Countless alumni of Denver Law are flourishing as attorneys in the public interest and government sectors in the Metro Denver region and beyond. Each month, we highlight a different alum and learn about their law school career, their current work, and why they chose this path.
What have you been doing since graduating from Denver Law?
Since graduation, I’ve been working as a staff attorney at the Rocky Mountain Children’s Law Center (RMCLC). I was able to extern here as both a law and social work student while I was pursuing a dual degree at Denver Law and the University of Denver’s School of Social Work. Primarily at RMCLC, I work as a guardian ad litem (GAL) in Jefferson County, which means I am appointed to represent the children’s best interest in juvenile delinquency and dependency and neglect cases. I zealously advocate on behalf of children to ensure that their mental health, physical care, and educational needs are met. As part of my representation, I conduct independent investigations, meet with the child, and meet with anyone who has an impact on the child’s life in order to make recommendations to the court on what is in the child’s best interest. Last spring, I was also appointed as the GAL in the Family Integrated Treatment Center in Jefferson County. My focus here is to collaborate with a team of professionals that work with parents who are experiencing substances abuse issues. Our goal is to provide services to try to keep kids in the home or return them home as soon as possible, once we can achieve the safety necessary for them to return.
My favorite thing about my job is being able to work closely with children. When I went to law school, I knew I wanted to do something that allowed me to advocate on behalf of children. Knowing that I am having an impact on children’s lives makes every day worth going to work for. I feel really fortunate that I was able to get a job that allows me to use both my law degree and my social work degree almost every day.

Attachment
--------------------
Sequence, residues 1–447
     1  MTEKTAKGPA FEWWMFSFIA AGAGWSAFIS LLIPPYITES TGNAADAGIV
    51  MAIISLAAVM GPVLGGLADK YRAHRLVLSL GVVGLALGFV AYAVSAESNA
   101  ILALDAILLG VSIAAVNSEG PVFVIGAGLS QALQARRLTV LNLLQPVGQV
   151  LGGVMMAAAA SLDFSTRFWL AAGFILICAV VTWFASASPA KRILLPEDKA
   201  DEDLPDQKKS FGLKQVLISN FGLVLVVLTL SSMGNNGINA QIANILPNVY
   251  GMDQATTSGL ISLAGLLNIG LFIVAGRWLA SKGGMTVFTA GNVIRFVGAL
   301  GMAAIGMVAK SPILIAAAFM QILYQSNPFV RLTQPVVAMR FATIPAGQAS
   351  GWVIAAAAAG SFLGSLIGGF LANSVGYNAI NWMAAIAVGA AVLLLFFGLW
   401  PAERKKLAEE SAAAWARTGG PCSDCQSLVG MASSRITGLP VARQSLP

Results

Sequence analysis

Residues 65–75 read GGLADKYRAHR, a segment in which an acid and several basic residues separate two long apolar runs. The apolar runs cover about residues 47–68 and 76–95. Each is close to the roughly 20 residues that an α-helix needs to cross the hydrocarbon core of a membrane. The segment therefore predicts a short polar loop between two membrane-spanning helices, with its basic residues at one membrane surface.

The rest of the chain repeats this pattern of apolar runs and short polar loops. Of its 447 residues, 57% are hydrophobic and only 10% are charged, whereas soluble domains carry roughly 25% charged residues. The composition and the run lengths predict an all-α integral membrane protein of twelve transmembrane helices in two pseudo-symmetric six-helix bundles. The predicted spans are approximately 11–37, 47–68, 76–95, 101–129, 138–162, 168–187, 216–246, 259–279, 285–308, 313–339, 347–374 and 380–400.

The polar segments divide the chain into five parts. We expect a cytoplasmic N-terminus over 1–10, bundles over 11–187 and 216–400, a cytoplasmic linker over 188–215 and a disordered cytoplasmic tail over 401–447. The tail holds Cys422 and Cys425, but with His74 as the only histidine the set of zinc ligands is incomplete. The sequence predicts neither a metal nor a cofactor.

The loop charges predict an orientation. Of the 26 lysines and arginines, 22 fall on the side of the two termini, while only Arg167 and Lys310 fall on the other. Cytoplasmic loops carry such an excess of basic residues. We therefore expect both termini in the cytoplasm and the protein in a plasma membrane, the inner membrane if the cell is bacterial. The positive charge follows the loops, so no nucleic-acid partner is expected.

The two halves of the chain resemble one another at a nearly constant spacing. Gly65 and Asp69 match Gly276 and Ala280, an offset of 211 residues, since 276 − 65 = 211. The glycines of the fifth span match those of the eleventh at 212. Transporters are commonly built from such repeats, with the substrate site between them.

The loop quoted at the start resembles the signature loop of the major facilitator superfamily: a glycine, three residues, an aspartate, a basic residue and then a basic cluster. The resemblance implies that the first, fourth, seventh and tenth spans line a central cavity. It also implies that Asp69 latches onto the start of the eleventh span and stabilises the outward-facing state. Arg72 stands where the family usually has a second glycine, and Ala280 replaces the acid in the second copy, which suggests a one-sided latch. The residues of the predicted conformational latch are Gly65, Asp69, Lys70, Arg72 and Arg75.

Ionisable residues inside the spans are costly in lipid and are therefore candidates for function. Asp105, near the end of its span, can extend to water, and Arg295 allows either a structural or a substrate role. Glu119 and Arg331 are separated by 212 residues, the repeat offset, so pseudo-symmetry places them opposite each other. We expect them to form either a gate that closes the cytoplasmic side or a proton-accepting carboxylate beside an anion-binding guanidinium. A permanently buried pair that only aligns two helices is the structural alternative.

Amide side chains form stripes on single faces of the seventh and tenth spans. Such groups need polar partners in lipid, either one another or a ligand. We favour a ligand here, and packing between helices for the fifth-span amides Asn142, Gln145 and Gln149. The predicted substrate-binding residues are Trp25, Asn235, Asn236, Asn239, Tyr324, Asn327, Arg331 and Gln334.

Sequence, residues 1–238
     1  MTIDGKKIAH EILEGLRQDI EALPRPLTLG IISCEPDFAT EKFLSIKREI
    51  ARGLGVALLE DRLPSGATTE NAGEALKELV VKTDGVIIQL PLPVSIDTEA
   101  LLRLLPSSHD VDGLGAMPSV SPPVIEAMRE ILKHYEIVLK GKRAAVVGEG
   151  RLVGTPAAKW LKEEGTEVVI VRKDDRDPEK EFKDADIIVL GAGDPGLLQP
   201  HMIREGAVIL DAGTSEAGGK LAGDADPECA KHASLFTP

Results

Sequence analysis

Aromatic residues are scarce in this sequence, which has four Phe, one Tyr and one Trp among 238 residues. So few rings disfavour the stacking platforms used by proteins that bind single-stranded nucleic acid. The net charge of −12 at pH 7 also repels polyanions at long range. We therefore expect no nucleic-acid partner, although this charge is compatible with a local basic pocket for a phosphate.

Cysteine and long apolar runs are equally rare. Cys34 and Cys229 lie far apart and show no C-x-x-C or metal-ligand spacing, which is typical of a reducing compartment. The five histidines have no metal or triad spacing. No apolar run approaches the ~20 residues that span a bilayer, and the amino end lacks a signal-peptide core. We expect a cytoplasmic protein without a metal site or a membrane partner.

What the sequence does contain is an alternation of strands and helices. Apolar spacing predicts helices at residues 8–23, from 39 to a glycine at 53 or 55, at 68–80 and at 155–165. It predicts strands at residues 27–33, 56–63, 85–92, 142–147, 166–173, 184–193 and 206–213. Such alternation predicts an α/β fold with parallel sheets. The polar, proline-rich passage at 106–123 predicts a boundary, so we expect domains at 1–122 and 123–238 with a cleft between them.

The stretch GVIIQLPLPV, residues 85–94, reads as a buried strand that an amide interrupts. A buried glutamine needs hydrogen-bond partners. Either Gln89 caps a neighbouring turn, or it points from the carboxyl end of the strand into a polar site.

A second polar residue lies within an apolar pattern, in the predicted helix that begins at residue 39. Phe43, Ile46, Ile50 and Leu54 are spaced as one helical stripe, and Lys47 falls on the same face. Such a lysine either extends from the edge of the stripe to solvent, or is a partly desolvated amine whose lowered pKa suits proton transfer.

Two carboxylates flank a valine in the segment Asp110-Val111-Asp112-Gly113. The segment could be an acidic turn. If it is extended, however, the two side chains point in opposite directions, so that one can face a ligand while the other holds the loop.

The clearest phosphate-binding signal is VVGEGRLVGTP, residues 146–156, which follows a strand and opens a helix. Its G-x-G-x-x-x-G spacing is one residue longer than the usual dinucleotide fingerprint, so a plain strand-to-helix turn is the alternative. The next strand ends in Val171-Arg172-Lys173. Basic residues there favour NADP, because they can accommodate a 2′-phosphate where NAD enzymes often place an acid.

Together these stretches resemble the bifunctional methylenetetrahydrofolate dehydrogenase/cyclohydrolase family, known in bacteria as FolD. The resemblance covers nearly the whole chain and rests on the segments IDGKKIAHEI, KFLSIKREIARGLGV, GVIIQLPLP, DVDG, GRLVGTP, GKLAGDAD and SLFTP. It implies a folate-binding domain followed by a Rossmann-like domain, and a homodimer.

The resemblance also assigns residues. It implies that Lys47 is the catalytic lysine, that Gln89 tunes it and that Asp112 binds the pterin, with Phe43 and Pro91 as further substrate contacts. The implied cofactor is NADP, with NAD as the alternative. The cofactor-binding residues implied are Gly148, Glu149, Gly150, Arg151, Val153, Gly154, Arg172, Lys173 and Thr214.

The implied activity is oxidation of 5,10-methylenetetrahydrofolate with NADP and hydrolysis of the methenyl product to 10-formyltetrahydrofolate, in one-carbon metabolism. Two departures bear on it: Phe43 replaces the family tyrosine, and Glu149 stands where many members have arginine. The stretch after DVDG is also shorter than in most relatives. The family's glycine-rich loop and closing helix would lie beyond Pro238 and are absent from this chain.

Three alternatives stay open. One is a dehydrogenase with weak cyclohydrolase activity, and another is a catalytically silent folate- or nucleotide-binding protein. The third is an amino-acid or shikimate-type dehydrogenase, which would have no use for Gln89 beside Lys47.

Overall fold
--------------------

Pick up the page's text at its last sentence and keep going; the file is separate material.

What are some of your best memories at Denver Law?
My best memories were the different externships I was able to find because of the emphasis Denver Law places on public sector experiential work. The school worked really hard to help me get hands-on experience. In addition to my externships with the RMCLC, I also externed for the Colorado State Court Administrator’s office within their Court Improvement Program. This externship even led to a part-time job while I was a student. Denver Law opened so many doors within the professional field. This made law school that much more rewarding.
What advice would you give a student who is interested in pursuing public interest law?
Don’t be deterred by what your peers are doing! If you are interested in public interest law, there is a lot of opportunity out there. It’s easy to get caught up in the law school idea of getting the ‘top law firm job’, but there are so many opportunities in the public interest field that will be really beneficial. I have had so much courtroom experience that I never thought I would get – one of the advantages to doing public interest law is that you often get hands on experience very quickly!
Pride and Prejudice
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